Goblet cell disease. “If the problem is goblet cell disease, we’ll address it with lubricants,” says Dr. Beckman. “Cyclosporine and lifitegrast also work really well for this, and these patients may also benefit from compounded vitamin A ointment.”

Autoimmune inflammatory disease. “If I believe the patient has an autoimmune inflammatory disease such as Sjögren’s or lupus, then I’ll start to introduce T-cell inhibitor products that will be anti-inflammatory,” says Dr. Koffler. “We may even introduce some mild steroids, either for daily use or as a nighttime ointment, to quiet the inflammation.”

 The Patient Communication Factor

As with any treatment, aligning the patient’s expectations with reality is important.

• Make sure the patient understands that dry eye is a chronic condition. “You don’t want a gap between what the patient expects and what you’re able to deliver,” says Young Choi, MD, medical director at InVision Ophthalmology in Homewood, Alabama. “Patients are often looking for a magic bullet. They as- sume that if they have the right medication, all of their symptoms will go away and they won’t ever have dry-eye problems again. That’s a setup for trouble because the patient may never be satis- fied, no matter how good the care you’re providing is.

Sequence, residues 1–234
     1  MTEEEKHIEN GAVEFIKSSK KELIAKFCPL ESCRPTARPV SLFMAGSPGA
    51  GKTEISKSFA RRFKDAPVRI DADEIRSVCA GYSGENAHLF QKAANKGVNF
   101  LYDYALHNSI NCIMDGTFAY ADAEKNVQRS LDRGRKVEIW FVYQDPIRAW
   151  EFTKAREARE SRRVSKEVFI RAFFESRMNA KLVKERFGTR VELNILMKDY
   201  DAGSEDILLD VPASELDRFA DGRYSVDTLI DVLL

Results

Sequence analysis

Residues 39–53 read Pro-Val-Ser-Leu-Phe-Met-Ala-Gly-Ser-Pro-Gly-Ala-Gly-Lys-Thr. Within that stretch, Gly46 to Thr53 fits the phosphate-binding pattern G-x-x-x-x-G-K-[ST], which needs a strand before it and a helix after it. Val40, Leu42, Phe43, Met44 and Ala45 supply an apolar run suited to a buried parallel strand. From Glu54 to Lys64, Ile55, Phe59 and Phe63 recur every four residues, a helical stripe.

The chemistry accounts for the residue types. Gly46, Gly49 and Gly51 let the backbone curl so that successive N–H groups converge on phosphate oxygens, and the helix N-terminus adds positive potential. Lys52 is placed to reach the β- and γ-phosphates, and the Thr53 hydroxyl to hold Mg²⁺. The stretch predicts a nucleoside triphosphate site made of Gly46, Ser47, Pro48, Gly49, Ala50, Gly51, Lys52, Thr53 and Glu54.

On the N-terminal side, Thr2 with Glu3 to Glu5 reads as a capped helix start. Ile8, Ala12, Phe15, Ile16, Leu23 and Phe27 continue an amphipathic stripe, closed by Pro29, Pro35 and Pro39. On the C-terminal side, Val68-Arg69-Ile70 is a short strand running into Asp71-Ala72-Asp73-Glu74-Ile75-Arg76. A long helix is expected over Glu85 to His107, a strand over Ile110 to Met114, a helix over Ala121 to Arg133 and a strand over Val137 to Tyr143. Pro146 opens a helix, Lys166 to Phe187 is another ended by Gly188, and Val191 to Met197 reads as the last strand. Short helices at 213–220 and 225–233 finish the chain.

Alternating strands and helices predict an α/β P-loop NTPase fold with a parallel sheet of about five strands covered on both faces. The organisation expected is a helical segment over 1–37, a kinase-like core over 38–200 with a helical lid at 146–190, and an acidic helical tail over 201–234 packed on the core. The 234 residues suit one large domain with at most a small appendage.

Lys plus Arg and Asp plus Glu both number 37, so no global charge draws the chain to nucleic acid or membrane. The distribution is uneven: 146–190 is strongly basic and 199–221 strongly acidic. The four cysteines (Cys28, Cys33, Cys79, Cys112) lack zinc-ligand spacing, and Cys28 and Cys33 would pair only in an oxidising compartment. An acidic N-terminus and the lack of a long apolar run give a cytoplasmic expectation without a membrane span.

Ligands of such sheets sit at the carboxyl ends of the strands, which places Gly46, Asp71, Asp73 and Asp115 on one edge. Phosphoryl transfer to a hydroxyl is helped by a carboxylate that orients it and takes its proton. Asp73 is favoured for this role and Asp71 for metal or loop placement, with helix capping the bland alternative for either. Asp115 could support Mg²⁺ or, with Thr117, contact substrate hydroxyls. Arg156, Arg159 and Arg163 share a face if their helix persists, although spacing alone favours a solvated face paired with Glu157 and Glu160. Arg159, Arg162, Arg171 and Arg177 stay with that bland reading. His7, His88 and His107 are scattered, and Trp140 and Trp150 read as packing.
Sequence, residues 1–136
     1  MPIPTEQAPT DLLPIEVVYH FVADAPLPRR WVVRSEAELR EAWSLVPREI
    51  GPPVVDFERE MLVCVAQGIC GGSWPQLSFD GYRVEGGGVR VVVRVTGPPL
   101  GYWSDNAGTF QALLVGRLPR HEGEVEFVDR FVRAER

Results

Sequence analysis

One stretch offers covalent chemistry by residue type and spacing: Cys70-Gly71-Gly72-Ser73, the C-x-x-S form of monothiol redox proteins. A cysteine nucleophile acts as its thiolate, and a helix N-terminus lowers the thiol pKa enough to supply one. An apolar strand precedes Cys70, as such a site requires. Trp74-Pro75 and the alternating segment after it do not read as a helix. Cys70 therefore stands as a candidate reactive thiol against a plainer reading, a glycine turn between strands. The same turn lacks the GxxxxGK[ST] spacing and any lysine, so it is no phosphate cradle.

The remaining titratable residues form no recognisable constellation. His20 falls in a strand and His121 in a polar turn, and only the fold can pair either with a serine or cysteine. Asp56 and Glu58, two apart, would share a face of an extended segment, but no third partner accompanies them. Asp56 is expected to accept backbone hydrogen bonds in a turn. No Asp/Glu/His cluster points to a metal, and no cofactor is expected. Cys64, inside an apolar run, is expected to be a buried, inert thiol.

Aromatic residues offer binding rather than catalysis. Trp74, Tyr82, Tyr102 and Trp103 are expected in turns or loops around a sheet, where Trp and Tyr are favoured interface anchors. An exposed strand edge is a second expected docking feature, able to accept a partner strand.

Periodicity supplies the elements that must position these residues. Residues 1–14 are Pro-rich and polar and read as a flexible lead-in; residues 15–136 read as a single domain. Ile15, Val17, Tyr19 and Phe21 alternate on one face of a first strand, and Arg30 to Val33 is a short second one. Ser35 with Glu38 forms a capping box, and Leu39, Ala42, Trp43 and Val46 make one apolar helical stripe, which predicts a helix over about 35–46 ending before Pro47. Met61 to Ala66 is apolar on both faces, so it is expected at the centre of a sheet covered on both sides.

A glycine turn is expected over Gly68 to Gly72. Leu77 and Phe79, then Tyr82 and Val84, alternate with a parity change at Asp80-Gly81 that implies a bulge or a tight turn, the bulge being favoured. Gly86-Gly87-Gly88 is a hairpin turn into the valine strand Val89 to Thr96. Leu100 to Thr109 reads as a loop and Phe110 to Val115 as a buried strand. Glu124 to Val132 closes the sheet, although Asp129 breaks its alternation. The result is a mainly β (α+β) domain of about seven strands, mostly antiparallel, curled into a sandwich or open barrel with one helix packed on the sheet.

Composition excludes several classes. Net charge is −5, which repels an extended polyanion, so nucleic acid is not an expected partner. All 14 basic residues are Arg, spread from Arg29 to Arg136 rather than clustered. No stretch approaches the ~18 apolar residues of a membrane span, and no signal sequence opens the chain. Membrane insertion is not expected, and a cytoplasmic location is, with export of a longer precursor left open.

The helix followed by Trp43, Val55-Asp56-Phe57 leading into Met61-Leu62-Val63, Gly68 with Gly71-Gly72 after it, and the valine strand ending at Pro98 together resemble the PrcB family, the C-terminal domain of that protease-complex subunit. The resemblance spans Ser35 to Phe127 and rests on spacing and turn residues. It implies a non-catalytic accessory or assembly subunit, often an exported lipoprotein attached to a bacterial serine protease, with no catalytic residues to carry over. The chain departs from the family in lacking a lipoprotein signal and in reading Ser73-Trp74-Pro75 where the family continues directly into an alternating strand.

“I think doctors don’t always appreciate how important it is to communicate to the patient that dry eye is chronic,” he continues. “Patients need to understand that we can do a lot to lessen the symptoms, but the problem is never going to completely go away.”

• Don’t tell the patient that he has dry-eye disease if the problem is meibomian gland disease, a blink problem or another issue. “Don’t jump to the diagnosis of dry eye,” says Bruce Koffler, MD, medical director of Koffler Vision Group in